A rite of passage
My grandma had a divider in her small studio apartment where she had pictures of all her grandchildren. Any time we had a formal dance, she’d request a photo and she’d put it up on the divider. I figured she’d like to see the real deal instead of just a picture, so on prom night, before all the dinner and dancing, my date and another couple in our group went to visit my grandma so she could see my dress. We sat there with some of her friends from Cornell Estates and chatted for a little while. It was fun to be able to include her in the rite of passage . In addition, she got to see the dress that my mom and I altered together (complete with roses made out of fabric trailing down the front of the gown).
General relativity in missionary work
Missions are hard, and it’s one of the best things in the WORLD is when you get a letter in the mail. Why? Because you actually have time to read it! (My mission had time restrictions on email time, I don’t know about your’s.) My grandma faithfully hand-wrote me a letter every single week of my mission. That may not seem like a big deal, but I’m convinced that civilian life goes faster than missionary life. So when you think you wrote your missionary 2 weeks ago, it was actually 8 months ago to the missionary. It’s a strange phenomena. For example, you may think, “I’m doing pretty good! I write my missionary every once in a while!” your missionary may be thinking that you’re hopeless as her mail box collects cobwebs. Anyways, my theory of general relativity as it applies to missionaries only emphasizes how amazing it is that my grandma wrote me EVERY SINGLE WEEK! She would often share a scripture, tell me about the garden at Cornell Estates, or tell me about the book she was currently reading. I always appreciated that she thought of me often and it meant a lot to me that she told me she was proud of me. She always used this phrase a lot, but it meant so much while doing discouraging work all day – it was nice to have someone consistently tell you that at just the time you need it. She did this great service for me, illustrating how caring and loving she is.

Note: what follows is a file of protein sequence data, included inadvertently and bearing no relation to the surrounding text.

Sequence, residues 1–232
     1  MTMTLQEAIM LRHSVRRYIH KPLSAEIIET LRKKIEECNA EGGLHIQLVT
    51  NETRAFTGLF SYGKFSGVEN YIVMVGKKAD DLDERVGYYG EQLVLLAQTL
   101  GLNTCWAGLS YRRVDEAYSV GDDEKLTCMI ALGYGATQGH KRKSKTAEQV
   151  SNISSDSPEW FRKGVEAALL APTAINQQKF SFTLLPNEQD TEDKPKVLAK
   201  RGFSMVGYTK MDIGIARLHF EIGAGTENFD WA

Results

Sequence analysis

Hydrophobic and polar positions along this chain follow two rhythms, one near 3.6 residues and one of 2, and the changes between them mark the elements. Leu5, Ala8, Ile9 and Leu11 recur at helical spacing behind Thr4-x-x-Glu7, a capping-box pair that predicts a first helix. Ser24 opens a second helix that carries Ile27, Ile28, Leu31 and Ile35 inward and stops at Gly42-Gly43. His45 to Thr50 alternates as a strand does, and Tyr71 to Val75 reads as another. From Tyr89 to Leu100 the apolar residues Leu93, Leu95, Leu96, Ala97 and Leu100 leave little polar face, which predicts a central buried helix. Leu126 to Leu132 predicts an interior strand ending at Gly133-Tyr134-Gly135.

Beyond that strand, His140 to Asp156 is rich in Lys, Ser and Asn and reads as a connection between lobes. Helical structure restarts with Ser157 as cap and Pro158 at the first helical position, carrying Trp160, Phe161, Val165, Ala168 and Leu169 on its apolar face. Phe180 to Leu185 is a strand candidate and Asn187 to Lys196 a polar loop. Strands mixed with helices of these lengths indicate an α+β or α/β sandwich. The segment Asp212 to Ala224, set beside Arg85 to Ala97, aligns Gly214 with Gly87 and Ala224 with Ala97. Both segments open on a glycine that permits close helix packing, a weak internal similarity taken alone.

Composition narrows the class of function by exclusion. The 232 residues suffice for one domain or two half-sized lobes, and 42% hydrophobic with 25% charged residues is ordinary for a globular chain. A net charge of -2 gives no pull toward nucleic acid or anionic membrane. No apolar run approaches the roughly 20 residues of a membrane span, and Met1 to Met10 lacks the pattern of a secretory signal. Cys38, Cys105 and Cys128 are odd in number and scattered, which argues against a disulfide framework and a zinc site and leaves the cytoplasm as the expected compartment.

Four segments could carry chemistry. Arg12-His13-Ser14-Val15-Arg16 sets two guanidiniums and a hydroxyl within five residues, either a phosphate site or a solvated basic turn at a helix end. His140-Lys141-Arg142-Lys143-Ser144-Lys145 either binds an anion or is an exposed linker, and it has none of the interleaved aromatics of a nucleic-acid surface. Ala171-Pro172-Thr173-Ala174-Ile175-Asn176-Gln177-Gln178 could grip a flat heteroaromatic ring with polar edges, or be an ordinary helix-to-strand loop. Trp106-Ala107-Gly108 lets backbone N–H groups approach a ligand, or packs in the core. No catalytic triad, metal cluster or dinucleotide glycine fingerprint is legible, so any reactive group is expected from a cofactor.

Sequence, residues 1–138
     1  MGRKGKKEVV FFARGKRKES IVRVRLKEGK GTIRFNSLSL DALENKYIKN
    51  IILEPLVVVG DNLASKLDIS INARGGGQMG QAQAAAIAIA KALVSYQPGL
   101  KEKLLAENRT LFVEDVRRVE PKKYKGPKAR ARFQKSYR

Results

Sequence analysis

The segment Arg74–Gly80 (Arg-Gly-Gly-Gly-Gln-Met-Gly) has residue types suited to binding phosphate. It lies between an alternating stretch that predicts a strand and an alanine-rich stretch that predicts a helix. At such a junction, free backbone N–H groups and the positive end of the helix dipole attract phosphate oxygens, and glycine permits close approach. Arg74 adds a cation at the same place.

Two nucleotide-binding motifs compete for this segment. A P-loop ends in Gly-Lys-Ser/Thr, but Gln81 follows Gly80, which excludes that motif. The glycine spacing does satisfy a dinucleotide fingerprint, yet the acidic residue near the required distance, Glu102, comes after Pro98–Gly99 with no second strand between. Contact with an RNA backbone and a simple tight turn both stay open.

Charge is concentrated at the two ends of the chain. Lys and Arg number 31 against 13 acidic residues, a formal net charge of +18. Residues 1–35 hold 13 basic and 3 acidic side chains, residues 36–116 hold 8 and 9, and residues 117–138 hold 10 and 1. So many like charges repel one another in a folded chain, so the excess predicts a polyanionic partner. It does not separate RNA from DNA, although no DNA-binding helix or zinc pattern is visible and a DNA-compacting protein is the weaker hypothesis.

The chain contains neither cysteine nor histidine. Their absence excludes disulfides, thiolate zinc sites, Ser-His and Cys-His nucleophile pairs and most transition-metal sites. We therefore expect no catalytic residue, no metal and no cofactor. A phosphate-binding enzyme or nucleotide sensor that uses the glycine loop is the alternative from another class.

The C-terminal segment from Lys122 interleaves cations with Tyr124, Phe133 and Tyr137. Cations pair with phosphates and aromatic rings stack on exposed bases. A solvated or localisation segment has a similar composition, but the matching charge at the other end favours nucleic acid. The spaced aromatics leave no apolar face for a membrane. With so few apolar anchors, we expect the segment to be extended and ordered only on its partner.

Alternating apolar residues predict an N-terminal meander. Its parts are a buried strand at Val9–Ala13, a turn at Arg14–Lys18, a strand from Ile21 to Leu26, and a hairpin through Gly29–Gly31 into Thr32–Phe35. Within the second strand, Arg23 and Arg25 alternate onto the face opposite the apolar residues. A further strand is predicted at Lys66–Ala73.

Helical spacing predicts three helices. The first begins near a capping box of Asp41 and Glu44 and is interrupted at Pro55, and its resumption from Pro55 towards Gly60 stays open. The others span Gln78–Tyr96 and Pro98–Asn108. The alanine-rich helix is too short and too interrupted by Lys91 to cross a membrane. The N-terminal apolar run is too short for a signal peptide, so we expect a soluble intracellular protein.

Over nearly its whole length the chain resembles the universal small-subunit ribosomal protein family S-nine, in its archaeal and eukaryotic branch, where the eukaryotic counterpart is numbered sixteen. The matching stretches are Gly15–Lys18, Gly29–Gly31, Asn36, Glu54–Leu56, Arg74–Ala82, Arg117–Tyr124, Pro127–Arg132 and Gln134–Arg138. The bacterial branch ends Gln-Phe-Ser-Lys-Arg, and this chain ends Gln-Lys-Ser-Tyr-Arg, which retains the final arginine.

Reefton in the Dark